Sample selection method

In the situation of a pandemic and the acute supply of a novel vaccine which included the immunologic adjuvant AS03 and thiomersal (thimerosal), and a public debate about the safety of this vaccine, the sample selection method based on the assessment of all individuals that were vaccinated after informed consent at the occupational medicine centre of Germany largest university hospital. No specific further sample selection methods were applied.


In total, 3808 HCWs and 529 medical students were vaccinated with Pandemrix® after informed consent.


The observed vaccination period began on October 26, 2009 and ended at December 30, 2009. All individuals that were vaccinated after informed consent.

Self reporting questionnaire

Applying a cross-sectional study design, a self reporting questionnaire (Tab. 1) was used that consisted of questions relating the time of the vaccination, the start of symptoms, the duration of symptoms, the consultation of a physician and the incapacity for work with duration. The symptoms included in the questionnaire are presented in Appendix 1. The self reporting questionnaires were received until 2010-01-31.



In total, 3808 HCWs and 529 medical students were vaccinated. The peak of vaccinations was November 13 2009 with 459 vaccinations at one day (Figure 1).

Figure 1
figure 1

Daily numbers of vaccinations in the period from November to December 2009.

Self reported adverse reactions

Overall, 291 of the 4337 vaccinated individuals returned the questionnaire and reported adverse reactions. This is a rate of 6.7%. The majority of reported adverse reactions was found in the age between 30 and 39 years. (Figure 2)

Figure 2
figure 2

Distribution of age of study participants.

The most frequently reported local site reactions were: local pain/pruritus or the sensacion of heat at the injection site in 3.8% out of the 4337 vaccinations, myalgia or arthralgia in 3.7%, induration or erythema at the injection site in 2.6%, lymph node swelling in 0.9%, skin rash in 0.3% and ecchymosis at the injection site in 0.1% (Figure 3).

Figure 3
figure 3

Percentage of self reported adverse reactions.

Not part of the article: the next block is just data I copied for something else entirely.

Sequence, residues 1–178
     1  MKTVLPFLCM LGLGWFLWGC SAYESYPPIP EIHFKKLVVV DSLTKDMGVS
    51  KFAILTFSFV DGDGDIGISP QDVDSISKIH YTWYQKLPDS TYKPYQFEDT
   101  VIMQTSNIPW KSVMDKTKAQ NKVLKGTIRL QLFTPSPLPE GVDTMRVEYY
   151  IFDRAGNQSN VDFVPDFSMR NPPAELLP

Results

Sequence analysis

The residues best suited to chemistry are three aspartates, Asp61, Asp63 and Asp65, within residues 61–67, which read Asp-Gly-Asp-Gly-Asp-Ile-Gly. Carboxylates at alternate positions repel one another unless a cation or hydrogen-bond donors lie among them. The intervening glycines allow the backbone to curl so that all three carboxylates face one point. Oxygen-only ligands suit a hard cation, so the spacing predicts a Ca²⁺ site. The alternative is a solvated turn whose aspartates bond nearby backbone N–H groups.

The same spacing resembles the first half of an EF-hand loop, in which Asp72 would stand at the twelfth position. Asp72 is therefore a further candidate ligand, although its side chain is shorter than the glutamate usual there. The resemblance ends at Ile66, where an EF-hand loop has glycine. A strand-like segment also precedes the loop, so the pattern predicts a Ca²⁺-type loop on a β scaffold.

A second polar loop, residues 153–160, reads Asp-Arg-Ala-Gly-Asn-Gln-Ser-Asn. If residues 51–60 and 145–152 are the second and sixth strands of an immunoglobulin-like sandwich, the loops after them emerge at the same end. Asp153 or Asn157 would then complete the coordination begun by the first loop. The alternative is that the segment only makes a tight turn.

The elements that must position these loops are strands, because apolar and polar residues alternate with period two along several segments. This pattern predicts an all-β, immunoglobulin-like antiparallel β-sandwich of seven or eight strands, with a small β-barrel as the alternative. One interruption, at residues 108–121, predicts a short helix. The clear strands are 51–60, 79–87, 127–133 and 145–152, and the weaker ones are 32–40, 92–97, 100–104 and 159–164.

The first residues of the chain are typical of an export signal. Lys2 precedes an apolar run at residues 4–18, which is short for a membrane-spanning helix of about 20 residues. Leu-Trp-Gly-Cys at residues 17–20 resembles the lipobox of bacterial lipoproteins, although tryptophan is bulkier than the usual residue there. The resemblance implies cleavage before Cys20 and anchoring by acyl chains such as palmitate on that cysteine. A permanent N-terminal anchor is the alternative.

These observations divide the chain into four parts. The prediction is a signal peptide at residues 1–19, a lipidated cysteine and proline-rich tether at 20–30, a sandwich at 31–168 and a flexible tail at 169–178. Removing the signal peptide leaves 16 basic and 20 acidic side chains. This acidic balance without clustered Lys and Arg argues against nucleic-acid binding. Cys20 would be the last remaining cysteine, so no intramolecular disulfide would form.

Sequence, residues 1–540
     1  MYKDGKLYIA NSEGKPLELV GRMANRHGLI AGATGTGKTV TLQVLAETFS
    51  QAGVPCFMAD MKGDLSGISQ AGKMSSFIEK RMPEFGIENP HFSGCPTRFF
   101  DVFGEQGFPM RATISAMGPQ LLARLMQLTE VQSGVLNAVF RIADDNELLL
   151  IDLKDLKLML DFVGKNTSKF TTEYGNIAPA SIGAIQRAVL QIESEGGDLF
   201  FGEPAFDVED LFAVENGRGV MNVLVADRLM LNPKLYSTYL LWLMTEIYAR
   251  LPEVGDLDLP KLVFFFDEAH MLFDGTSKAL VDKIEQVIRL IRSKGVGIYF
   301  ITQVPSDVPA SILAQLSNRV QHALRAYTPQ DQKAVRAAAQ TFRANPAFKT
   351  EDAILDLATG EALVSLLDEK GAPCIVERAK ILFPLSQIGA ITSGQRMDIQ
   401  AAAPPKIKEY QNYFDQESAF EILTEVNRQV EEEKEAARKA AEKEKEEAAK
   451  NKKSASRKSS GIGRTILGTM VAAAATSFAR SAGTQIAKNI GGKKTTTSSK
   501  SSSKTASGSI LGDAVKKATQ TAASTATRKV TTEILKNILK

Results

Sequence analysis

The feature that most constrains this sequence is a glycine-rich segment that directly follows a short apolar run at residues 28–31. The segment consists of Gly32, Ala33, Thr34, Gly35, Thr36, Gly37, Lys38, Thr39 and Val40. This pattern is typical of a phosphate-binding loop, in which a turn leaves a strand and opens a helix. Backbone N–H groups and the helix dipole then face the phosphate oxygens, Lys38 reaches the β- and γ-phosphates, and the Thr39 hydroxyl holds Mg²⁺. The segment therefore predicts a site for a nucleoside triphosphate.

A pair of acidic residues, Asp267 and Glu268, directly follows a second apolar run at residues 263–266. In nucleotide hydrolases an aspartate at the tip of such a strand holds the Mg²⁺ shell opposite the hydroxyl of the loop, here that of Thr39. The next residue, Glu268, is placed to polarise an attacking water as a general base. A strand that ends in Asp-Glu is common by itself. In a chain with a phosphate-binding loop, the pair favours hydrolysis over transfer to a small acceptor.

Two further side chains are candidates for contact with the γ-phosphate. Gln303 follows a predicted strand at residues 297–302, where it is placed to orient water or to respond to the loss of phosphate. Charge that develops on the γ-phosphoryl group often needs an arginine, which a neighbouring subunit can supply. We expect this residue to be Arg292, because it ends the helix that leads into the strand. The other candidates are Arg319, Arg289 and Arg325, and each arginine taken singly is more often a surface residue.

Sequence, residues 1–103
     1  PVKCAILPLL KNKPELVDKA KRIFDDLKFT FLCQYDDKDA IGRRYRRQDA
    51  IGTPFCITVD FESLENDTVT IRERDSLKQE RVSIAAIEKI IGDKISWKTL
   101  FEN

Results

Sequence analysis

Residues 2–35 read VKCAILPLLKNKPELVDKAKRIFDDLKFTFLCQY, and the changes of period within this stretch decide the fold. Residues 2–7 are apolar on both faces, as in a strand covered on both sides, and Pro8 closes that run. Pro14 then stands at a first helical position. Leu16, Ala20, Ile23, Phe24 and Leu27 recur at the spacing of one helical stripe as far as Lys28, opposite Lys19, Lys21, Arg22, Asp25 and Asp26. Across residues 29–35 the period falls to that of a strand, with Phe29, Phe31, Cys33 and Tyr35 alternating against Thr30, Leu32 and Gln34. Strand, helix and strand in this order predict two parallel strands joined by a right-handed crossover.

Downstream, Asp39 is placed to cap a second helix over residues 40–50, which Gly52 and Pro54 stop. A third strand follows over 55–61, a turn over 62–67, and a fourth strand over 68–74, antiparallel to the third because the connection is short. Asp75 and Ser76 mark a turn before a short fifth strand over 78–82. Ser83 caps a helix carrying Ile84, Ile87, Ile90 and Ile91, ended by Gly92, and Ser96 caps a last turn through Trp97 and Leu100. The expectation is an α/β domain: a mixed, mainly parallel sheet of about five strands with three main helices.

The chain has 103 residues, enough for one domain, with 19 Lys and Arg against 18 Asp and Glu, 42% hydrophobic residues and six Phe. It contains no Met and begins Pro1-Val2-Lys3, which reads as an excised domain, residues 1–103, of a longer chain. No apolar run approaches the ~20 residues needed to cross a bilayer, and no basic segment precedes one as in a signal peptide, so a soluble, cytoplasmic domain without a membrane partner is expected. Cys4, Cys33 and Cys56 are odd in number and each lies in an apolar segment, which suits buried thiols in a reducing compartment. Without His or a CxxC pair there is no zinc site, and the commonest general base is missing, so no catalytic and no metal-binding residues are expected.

The presence of systemic adverse reactions were reported as follows: fatigue in 3.7%, headache in 3.1%, flu-like symptoms in 2.3%, shivering in 1.9%, temperature > 38°C in 1.3%, dizziness in 1.1%, increased perspiration in 1.1%, gastrointestinal symptoms in 1.0%, drowsiness in 0.9%, , insomnia in 0.7%, formication in 0.3%, Further some severe reportable adverse reactions were observed (0.5%, Figure 3) as one case of facial nerve paralysis, one case of rheumatoid arthritic symptoms and one case of skin alteration which was reported to the local health authorities and the Paul-Ehrlich-Institute.

Duration of symptoms

The mean duration of symptoms lasted 3.5 days, the maximal duration of symptoms was reported with 40 days.

Leave of absence

Overall, 42 HCWs (0.97%) were not able to work due to the adverse reactions (Figure 4). The resulting leave of absence was 2.7 days in mean with a maximum absence of 14 days in one case. In total, there were 115 days of absence recorded.

Figure 4
figure 4

Leave of absence in days due to the reported adverse reactions.


Personal protective equipment is important to prevent transmission of novel A/H1N1 as stated earlier by Shine et al [21]. However, vaccination is the most effective means of preventing influenza transmission and associated morbidity and mortality. It is most important to realize that an effective measure against a pandemic is to have vaccinated and well-informed health care workers.

Unfortunately, the A/H1N1 vaccination coverage was extremely affected by an ongoing public discussion about potential side effects. Therefore, we analysed self reporting questionnaires concerning adverse reactions in 4337 HCWs and medical students.